Dr. D'Ambola completed a medical evaluation of Ms. Wooten in July of 2002 and diagnosed her with panic disorder, severe anxiety, and major depression, and referred her to the South Jersey Behavioral Health Center for mental health treatment. (R. at 347-48.) A similar diagnosis, "Phobic Anxiety (Panic Disorder)," had been rendered in February 2001. (R. at 355.)

An intake form filled out by South Jersey Behavioral Health Resources in 2002, indicated that Ms. Wooten reported experiencing visual hallucinations, including a "black shadow." (R. At 391.)

In April 2003, Plaintiff again visited South Jersey Behavioral Health, and she was described as suffering from "anxiety, depression, [and] anger/rage." (R. at 436.)

On June 2, 2003 a psychiatric evaluation at South Jersey Behavioral Health Resources indicated that Plaintiff "acknowledges v[isual] hallucinations, [but] is not willing to take antipsychotics at this time." (R. at 429.)*fn2 Again, the intake form indicated hallucinations and referred to a "dark figure." (R. at 431.) Plaintiff was diagnosed with major depressive disorder with psychotic features. (R. at 434.)

In August of 2004, Jennifer Sherman, a licensed counselor, composed a letter to Plaintiff's representative summarizing Plaintiff's treatment with South Jersey Behavioral Health Resources. Ms. Sherman indicated that she had been treating Plaintiff since April 2003 and that her diagnosis was major depressive disorder recurrent severe with psychotic features. (R. at 428.)

On August 18, 2004, Ms. Sherman completed a SSA form, "Medical Source Statement Concerning the Nature and Severity of an Individual's Mental Impairment." (R. at 454 - 57.) Ms. Sherman indicated that Plaintiff was "not significantly limited" in the following abilities:

to remember locations and work-like procedures;

to understand and remember very short and simple repetitive instructions or tasks;

to understand and remember detailed instructions or tasks that may or may not be repetitive;

to carry out short and simple instructions or tasks;

to carry out detailed instructions that may or may not be repetitive;

to make simple work-related decisions;

to ask simple questions or request assistance from supervisors;

to be aware of normal hazards and take appropriate precautions;

to travel in unfamiliar places and/or to use public transportation; and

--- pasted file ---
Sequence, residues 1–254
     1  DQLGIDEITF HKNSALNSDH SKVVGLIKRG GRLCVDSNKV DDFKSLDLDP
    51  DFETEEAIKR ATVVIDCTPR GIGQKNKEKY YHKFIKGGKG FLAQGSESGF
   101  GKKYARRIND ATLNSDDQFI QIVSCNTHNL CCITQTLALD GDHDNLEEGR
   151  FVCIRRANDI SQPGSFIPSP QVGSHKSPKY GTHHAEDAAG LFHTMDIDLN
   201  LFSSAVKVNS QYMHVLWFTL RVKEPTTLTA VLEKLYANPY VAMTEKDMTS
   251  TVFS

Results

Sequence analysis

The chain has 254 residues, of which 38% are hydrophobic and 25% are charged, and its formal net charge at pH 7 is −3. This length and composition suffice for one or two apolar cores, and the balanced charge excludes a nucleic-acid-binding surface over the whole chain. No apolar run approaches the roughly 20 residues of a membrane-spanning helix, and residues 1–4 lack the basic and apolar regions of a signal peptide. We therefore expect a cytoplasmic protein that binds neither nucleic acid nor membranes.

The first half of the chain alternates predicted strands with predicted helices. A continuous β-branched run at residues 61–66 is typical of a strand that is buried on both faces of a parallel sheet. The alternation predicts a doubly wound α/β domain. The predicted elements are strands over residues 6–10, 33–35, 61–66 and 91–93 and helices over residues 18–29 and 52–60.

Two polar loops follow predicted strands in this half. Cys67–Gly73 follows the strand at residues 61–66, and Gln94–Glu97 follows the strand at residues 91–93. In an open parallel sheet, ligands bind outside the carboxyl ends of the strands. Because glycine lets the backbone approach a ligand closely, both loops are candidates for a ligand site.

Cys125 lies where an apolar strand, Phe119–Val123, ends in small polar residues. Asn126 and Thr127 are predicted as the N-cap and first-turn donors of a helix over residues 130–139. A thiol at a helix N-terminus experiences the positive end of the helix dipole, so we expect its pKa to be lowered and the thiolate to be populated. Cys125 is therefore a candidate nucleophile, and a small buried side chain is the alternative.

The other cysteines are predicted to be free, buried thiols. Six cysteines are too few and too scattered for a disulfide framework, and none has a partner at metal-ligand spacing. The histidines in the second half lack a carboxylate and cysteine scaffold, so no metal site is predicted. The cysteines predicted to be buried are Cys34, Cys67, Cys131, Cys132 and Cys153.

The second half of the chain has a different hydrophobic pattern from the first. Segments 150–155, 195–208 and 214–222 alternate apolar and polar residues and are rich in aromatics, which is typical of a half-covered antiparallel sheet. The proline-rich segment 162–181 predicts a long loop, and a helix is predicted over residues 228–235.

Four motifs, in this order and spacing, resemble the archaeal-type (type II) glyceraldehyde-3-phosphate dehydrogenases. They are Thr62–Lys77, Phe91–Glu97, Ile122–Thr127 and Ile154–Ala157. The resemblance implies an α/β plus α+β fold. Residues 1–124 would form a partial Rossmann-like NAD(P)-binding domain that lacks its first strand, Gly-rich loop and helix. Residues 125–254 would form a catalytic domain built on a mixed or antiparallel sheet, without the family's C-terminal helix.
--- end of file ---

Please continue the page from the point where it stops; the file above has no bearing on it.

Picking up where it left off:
to set realistic goals or to make plans independently of others.

Ms. Sherman indicated that Plaintiff was moderately limited*fn3 in her abilities to:

maintain attention and concentration for extended periods (the approximately 2-hour segments between arrival and first break, lunch, second break, and departure) with four such periods in a workday; perform activities within a schedule, maintain regular attendance and be punctual with customary tolerances; and sustain an ordinary routine without special supervision.

Ms. Sherman indicated that Plaintiff was markedly limited*fn4 in her abilities to:

work in coordination with or proximity to others without being unduly distracted by them; complete a normal workday and workweek without interruptions from psychologically based symptoms and to perform at a consistent pace without an unreasonable number and length of rest periods; interact appropriately with the general public or customers; accept instructions and to respond appropriately to criticism from supervisors; get along with co-workers or peers without unduly distracting them or exhibiting behavioral extremes; maintain socially appropriate behavior; and respond appropriately to expected and unexpected changes in the work setting.

Ms. Sherman noted that "the following work-related stressors would increase the level of impairment beyond those indicated above:"

unruly, demanding or disagreeable customers even on an infrequent basis; production demands or quotas; a demand for precision (intolerance of error rates in excess of 5% to 10%); a need to make quick and accurate, independent decisions in problem solving on a consistent basis; and a need to make accurate, independent decisions in problem solving on a consistent basis.

(R. at 456.)

Ms. Sherman further indicated that Plaintiff is "the type of person for whom a routine repetitive, simple, entry-level job would serve as a stressor which would exacerbate instead of mitigate psychological symptoms in the workplace." (Id.) She also indicted that Plaintiff's disabilities would cause her to be unable to complete a workday more than three or four times per month. (R. at 457.) The ALJ rejected these indications and failed to address the fact that Plaintiff was likely to have ...